CHDP is a state and federally funded health program that promotes early detection and prevention of disease and disability, and serves infants and children up to the age of 21 who are eligible for full-scope Medi-Cal benefits. The program is responsible for the development and implementation of EPSDT standards, for the provision of quality preventive health services to eligible children, and links children to needed resources and health care coverage.

The EPSDT program consists of two mutually supportive, operational components:

(1) Assuring the availability and accessibility of required health care resources; and
(2) Helping Medicaid recipients and their parents/guardians effectively use these resources.

These components enable Medicaid agencies to manage a comprehensive child health program of prevention and treatment, to seek out eligible children and educate families about the benefits of prevention, the health services and assistance available, and to help families utilize available health resources.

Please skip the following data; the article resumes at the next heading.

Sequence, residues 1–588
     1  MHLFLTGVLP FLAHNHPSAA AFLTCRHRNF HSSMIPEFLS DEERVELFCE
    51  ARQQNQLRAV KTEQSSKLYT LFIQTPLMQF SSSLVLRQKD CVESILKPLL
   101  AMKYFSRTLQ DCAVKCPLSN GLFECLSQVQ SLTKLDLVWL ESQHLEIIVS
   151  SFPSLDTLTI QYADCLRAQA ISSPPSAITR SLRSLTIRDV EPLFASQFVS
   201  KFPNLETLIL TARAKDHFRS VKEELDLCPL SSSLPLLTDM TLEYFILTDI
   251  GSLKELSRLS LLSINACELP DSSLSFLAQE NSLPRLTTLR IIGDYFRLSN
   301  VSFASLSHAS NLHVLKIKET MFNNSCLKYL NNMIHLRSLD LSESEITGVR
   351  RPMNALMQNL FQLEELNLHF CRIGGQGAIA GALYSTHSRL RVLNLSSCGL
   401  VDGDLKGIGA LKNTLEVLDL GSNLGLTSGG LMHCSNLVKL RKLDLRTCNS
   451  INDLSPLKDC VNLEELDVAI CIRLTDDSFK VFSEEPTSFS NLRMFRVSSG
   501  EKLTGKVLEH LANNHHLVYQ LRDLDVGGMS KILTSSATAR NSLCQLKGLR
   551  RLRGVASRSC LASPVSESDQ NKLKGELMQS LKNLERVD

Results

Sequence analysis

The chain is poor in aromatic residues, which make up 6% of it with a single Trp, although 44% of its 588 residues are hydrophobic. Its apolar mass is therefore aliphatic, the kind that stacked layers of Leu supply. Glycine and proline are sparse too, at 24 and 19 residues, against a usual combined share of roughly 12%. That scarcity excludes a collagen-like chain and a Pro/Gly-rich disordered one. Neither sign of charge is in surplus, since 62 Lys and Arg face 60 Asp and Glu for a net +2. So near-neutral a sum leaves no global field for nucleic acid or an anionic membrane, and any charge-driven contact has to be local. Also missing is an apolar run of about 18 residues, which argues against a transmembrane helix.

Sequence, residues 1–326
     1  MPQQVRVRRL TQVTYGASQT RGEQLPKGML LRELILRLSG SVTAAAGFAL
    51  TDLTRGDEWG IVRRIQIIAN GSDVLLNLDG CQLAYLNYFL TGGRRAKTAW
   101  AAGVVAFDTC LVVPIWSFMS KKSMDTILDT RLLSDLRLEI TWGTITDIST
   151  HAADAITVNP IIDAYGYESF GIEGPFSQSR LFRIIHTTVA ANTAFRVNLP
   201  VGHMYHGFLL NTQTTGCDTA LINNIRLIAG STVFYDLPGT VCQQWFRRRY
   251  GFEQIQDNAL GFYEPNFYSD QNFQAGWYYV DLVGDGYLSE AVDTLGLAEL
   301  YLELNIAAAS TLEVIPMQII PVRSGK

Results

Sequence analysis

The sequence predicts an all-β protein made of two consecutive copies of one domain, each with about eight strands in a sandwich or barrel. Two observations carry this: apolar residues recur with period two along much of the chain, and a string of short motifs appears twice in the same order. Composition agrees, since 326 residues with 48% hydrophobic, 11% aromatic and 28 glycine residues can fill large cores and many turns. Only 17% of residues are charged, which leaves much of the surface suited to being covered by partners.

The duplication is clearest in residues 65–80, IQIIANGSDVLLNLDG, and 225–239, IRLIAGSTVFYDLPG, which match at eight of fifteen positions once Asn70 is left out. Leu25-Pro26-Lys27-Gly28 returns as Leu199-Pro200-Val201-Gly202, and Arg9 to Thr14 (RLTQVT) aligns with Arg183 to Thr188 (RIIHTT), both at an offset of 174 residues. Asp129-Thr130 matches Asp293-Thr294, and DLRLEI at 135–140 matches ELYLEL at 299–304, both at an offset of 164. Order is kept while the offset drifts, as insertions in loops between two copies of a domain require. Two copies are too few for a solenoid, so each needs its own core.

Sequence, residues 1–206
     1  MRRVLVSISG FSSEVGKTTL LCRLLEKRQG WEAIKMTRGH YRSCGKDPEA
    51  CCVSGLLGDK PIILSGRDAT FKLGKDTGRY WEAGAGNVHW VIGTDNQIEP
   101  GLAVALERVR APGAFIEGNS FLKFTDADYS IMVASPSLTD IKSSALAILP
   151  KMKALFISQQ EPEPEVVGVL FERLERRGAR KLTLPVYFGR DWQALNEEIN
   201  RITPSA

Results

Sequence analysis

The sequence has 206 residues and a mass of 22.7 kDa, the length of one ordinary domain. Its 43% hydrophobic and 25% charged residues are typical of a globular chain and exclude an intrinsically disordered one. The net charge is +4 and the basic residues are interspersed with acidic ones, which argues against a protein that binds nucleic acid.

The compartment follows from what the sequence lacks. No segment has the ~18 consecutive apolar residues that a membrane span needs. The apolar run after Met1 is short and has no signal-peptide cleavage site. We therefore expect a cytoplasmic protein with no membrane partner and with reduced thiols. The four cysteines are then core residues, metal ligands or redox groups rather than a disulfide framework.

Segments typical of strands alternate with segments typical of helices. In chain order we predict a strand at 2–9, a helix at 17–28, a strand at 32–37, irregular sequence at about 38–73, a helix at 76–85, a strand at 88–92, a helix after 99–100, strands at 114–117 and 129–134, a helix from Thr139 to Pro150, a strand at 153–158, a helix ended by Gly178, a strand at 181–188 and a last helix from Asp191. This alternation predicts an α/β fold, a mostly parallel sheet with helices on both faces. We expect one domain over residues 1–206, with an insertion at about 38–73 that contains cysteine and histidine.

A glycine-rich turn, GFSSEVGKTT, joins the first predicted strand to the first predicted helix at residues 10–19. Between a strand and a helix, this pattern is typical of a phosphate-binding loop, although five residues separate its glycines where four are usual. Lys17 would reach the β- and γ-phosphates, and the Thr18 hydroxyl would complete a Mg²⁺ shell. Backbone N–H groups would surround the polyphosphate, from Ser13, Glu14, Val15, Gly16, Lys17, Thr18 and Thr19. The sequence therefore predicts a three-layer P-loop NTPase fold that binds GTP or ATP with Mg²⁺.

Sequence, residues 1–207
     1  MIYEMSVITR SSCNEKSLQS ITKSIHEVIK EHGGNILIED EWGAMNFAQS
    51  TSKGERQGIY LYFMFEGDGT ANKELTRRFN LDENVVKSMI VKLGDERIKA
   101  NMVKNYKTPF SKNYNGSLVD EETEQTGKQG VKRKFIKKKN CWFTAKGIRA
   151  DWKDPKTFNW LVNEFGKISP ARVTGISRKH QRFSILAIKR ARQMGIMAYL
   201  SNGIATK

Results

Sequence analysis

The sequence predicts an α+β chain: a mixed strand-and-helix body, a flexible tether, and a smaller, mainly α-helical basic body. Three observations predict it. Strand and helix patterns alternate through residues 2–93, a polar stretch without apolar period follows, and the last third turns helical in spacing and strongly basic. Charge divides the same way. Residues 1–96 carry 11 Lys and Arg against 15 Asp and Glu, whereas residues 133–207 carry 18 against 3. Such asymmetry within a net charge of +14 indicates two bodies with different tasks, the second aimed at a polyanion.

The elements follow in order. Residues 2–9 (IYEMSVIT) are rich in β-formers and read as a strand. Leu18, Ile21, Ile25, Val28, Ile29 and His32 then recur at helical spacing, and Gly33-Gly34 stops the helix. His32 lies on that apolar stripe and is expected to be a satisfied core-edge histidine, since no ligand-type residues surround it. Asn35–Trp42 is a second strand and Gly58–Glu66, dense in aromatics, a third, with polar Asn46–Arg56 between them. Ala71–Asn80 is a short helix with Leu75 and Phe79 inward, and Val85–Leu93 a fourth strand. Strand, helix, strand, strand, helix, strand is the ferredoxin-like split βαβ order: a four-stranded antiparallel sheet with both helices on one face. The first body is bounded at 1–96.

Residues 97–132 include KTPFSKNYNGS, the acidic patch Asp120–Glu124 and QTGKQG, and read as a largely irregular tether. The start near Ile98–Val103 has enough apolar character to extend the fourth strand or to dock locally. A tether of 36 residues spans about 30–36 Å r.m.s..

EPSDT requires early and periodic screening and diagnosis of eligible Medicaid recipients under age 21, and provides treatment to correct or ameliorate eligible conditions. The agency provides “periodic comprehensive child health assessments,” using the CHDP guidelines.

A dental assessment is required at every CHDP visit and physicians are required to make an annual referral to a dentist beginning at age three regardless of whether a dental problem is detected or suspected.  Annual dental referrals are recommended beginning at age one.  If a CHDP provider cannot provide the dental service(s) needed, he or she must refer the patient to a dentist or refer the patient to a Medicaid agency who will handle the referral.

California’s CHIP Program:  Healthy Families

Congress established the Children's Health Insurance Program (CHIP) in 1997 and in California the program was called "Healthy Families."  Healthy Families was jointly funded by federal and state government and was created to increase access to affordable, comprehensive, quality health-care, including dental care, for children whose family income exceeds the eligibility for Medi-Cal.